NYT > Theater
Mr. Peck’s dances for the revival of the Rodgers and Hammerstein musical on Broadway tick almost every box of dutiful choreography, if without force.
Florida students began rehearsing “Spring Awakening” before the Feb. 14 shooting at their high school. They wanted to keep going. The show’s original cast came to support them.
The musical “Hadestown,” a new take on the myth of Orpheus and Eurydice, will open on Broadway after a run at the National Theater in London.
Mr. Washington, next in “The Iceman Cometh” on Broadway, and Mr. Jordan, the “Black Panther” star, discuss their idols, black superheroes and #MeToo.
Two London stage productions bring some razzle dazzle to the city: a musical biography of Tina Turner and the return of “Chicago.”
In the Irish Repertory Theater’s solid revival of Conor McPherson’s Christmas classic, the Devil sits down for Yuletide wassail and a game of cards.
Two teenage sisters share a life where the extraordinary can be ordinary in this play directed by Alex Howarth.
Joe Penhall’s new play, “Mood Music,” has real-world echoes in its story of a battle between a young singer-songwriter and her record producer.
Producers said the symbols were crucial to a performance highlighting the dangers of fascism. But the opening-night offer has prompted complaints to the police.
The two, who recently made their own Broadway debuts, will host the ceremony on June 10; much of it will be broadcast on CBS.
Amelia Roper’s portrait of disparate — and desperate — lives in a Swiss hotel becomes an indictment of moral blight in the 21st century.
The teen drama’s musical episode, which airs Wednesday, is part of a tradition of television shows dipping into musical theater.
This “Lysistrata” update at the Flea Theater is consistently lively, but its comic aims are scattershot.
From Broadway to downtown experimental shows, the city’s theater ruled supreme. Here are some of its alumni, including Sarah Jessica Parker, Willem Dafoe, Cynthia Nixon and more.
The disagreement over the characterization of Atticus Finch expands to a second lawsuit between the producers and the Lee estate.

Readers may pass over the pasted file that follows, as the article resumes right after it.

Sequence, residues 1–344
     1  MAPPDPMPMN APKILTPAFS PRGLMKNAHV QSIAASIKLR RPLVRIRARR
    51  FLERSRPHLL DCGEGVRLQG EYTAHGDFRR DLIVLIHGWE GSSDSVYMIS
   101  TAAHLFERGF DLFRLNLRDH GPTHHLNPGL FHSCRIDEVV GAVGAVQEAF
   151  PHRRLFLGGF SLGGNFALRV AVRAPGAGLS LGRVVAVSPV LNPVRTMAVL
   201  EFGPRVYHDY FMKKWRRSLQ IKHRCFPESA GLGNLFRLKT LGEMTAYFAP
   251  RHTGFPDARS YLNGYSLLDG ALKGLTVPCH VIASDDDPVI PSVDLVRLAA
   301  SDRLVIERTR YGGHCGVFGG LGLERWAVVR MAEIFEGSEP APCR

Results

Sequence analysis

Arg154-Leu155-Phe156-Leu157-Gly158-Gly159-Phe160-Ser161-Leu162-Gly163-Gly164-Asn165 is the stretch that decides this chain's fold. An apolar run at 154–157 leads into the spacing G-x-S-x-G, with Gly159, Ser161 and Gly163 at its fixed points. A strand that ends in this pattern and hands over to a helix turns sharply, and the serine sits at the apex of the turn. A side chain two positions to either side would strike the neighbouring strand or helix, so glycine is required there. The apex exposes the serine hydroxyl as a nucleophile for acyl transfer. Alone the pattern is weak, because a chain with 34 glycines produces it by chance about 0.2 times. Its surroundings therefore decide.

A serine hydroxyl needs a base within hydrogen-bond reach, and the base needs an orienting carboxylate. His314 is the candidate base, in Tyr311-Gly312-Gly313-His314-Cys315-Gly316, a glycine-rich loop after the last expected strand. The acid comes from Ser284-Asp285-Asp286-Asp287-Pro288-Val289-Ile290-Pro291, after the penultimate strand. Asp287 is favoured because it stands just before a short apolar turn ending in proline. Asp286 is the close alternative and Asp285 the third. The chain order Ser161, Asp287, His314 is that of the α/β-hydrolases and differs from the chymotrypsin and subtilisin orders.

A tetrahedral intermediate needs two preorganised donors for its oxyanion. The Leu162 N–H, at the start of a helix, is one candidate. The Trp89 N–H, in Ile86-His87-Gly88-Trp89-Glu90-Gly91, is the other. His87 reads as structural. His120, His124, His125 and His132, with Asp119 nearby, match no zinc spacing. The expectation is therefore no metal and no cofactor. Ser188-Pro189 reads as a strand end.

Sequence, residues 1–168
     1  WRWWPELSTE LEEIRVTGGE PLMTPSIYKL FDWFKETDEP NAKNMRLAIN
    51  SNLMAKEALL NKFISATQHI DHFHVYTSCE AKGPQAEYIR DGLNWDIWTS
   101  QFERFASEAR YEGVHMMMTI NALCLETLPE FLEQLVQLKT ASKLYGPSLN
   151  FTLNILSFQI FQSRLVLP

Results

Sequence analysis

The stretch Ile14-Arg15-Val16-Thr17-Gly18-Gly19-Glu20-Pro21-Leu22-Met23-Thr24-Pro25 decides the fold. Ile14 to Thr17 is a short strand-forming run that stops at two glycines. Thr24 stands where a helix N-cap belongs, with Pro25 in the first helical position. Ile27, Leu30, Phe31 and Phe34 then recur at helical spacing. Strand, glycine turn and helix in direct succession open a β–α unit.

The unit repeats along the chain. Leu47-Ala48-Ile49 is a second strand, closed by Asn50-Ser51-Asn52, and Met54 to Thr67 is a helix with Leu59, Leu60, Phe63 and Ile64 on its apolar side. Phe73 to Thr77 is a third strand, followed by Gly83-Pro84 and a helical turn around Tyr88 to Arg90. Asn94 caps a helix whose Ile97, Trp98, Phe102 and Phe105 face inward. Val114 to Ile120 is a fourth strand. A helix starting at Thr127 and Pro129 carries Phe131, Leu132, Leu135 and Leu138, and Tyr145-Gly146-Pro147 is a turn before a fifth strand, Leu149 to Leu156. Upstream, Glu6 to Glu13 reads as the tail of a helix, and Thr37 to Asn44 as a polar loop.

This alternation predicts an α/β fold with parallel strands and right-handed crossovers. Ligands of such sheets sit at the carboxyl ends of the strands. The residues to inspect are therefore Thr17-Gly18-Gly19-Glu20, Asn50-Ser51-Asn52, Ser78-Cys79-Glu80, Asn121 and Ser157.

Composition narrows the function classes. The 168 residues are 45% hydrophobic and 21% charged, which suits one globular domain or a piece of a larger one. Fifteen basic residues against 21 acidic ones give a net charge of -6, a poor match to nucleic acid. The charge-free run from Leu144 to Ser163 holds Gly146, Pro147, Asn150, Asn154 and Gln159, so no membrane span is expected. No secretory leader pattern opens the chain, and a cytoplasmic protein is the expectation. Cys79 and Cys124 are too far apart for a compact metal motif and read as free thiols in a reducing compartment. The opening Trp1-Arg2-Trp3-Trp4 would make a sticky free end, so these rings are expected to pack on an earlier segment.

A puppet play by the Mexican artist Pedro Reyes explores technology, freedom and inequality (and the lost rap version of “The Communist Manifesto”).
A conquering hero comes home in a ferociously funny, and surprisingly timely, revival of the novelist’s 1970 play.
Lynn Nottage’s beautiful, reverberating portrait of a murder and its consequences follows the global path of illicitly obtained ivory.
Jason Grote and Marisa Michelson’s new musical, set in modern-day New York, deconstructs the Middle Eastern folk tales of “One Thousand and One Nights.”
Nora Bayes, one of the brightest stars of early Broadway and vaudeville, has lain for decades in an unmarked grave in Woodlawn Cemetery in the Bronx.
In a sign of high expectations for “Harry Potter and the Cursed Child,” the producers and theater owners spent lavishly, even paying Cirque du Soleil to clear out of the space.
It’s now a classic, with a splashy revival about to open on Broadway. But in 1956, a nervous leading man and technical troubles meant the show almost didn’t go on.
“The Remains of the Day” will have its debut in Northampton, England, in February, and “White Teeth” will take its first bow in London in October.
“Be More Chill” played a month at a New Jersey theater, and nothing much happened. Then the internet got very busy.
A mighty king demanding declarations of love faces villains you understand, in this Royal Shakespeare production at BAM.
Mr. Harris talks about turning himself into the villainous Count Olaf in “A Series of Unfortunate Events” and about how he’s raising his own twins.
Chris Dercon, a former director of Tate Modern in London, led the Volksbühne theater for less than a year, facing bitter arguments over his vision.